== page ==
Vainly, however, he sought to elicit some observations that might lead to disserting discourse; all his attempts received only quiet, acquiescent replies, “signifying nothing.” Every one was awaiting some spontaneous opening from Dr. Johnson.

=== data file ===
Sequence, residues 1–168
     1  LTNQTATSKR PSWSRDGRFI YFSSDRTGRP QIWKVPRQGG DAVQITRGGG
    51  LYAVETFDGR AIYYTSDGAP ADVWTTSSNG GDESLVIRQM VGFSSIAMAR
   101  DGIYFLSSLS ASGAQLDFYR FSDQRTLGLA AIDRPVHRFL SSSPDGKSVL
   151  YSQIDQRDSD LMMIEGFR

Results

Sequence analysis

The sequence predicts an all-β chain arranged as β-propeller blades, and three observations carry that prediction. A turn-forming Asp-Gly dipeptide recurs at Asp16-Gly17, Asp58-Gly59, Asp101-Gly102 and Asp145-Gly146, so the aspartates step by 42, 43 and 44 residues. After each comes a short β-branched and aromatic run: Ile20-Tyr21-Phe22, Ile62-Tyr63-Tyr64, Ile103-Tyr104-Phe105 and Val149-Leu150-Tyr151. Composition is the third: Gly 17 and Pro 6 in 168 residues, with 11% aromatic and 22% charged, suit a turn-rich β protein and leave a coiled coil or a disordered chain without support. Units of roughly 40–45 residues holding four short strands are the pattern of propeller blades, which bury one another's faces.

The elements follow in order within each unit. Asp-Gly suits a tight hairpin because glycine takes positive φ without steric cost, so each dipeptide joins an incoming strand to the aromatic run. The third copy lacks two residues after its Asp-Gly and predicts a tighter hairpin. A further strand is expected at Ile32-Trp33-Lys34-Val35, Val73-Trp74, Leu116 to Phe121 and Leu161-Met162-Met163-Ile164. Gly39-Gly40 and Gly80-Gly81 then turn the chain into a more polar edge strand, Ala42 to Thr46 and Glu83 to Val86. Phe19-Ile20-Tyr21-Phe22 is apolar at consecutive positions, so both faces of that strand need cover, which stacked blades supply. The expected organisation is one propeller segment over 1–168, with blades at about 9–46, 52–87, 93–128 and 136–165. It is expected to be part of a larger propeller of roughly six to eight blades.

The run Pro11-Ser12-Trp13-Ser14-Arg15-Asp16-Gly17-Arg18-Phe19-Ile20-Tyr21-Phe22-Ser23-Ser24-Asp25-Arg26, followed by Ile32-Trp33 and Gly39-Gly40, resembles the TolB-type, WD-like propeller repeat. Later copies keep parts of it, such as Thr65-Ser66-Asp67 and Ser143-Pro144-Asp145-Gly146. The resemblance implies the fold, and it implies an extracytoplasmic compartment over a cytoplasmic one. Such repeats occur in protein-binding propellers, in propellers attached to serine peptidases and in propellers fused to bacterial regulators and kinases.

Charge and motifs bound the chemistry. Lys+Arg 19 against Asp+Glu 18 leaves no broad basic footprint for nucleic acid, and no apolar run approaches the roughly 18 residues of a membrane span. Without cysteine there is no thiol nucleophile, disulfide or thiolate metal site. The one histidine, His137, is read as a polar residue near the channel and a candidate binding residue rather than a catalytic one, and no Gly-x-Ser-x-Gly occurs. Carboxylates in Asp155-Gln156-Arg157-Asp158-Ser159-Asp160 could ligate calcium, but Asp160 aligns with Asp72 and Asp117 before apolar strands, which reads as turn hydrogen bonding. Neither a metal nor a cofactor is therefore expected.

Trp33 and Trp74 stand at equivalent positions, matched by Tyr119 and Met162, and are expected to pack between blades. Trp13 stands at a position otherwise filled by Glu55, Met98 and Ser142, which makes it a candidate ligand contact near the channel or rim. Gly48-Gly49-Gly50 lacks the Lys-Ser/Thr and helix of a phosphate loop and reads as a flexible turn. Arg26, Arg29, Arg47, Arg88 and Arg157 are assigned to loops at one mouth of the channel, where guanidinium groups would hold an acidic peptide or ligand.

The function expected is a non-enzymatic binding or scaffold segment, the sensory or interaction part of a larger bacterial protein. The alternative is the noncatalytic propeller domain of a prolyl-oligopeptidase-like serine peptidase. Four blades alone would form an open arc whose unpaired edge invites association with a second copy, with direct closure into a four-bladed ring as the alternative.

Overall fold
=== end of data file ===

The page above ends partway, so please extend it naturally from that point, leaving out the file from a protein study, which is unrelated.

Mrs. Thrale, of the whole coterie, was alone at her ease. She feared not Dr. Johnson; for fear made no part of her composition; and with Mrs. Greville, as a fair rival genius, she would have been glad, from curiosity, to have had the honour of a little tilt, in full carelessness of its event; for though triumphant when victorious, she had spirits so volatile, and such utter exemption from envy or spleen, that she was gaily free from mortification when vanquished. But she knew the meeting to have been fabricated for Dr. Johnson; and, therefore, though not without difficulty, constrained herself to be passive.